Jesus of Nazareth, of David's lineage (Matthew 1:1-16), 500 years after Ezekiel, will resume this narrative. It will work on the notion that the presence of God is absolute and is not restricted to geography (as inside the Temple of Solomon, for example) but inhabits the human being. This becomes clearer in the famous biblical passage that Jesus expels merchants from the temple and is asked about his authority to do so and replies: 'Destroy this temple, and in three days, I will rebuild it'. The Jews replied: 'In forty-six years this temple was built, and you say that in three days you will raise it up?'. However, he referred to the temple of his body (John 2: 19-22). Therefore, just like the four Cherubins carried God in His heavenly chariot, the four Gospels sustain the figure of Christ. Hence the figures attributed to the Cherubims are symbolically associated with each of the Gospels: Matthew, the Man; Mark, the Lion; Luke, the Bull; and John, the Eagle. Cherubims are portrayed as earthly creatures with wings as an allegory that all Creation sanctifies God and that everything is for his glory.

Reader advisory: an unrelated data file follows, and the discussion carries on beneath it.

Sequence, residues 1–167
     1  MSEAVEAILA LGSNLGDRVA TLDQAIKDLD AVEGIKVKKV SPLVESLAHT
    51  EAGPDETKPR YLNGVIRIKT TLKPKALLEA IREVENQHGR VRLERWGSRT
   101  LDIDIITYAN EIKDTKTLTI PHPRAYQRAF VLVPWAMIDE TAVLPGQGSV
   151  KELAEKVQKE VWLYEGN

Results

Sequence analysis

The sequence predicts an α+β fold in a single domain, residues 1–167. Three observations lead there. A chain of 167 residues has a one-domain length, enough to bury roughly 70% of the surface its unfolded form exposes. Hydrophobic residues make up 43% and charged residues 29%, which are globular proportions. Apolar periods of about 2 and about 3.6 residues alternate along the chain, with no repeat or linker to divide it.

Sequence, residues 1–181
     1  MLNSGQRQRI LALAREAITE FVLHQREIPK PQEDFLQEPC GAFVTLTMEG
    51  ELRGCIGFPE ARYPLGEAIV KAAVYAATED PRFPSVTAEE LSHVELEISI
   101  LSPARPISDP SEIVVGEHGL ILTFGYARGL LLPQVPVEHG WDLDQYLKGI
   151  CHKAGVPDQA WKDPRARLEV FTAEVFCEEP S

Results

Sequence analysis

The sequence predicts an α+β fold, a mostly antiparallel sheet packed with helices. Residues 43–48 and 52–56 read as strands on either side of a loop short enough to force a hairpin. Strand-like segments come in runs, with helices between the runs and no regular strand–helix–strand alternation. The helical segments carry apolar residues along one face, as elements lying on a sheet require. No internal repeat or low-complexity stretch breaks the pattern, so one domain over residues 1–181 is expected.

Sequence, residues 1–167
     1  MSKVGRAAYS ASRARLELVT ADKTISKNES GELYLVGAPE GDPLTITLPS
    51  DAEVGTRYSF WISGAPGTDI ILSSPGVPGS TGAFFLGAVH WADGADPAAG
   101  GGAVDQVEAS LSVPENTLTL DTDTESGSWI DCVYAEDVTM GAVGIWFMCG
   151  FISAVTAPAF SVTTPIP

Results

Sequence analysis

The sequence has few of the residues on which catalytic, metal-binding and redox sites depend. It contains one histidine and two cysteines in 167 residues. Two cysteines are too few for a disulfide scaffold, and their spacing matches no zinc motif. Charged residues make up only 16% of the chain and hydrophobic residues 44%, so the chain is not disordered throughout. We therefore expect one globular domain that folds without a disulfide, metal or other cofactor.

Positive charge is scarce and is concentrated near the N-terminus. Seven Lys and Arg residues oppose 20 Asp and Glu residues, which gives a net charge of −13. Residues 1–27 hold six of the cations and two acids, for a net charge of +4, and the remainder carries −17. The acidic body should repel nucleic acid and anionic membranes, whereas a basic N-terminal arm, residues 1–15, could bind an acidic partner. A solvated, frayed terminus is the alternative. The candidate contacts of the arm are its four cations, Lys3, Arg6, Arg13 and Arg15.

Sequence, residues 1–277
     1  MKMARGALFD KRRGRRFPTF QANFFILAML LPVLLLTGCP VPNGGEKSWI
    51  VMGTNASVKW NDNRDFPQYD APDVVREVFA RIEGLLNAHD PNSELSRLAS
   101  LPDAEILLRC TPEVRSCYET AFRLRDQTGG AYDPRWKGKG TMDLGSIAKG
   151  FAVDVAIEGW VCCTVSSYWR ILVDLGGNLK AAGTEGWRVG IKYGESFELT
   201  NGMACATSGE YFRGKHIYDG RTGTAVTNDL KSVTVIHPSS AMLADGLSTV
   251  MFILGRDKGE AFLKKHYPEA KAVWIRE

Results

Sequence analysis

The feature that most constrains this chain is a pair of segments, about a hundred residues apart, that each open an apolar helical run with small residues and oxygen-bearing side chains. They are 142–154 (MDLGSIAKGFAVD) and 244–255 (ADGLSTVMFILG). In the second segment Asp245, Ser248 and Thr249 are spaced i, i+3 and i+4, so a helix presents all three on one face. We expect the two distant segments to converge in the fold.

Medium: Egg tempera, encaustic wax and gesso on cotton paper
Country of Origin: United Kingdom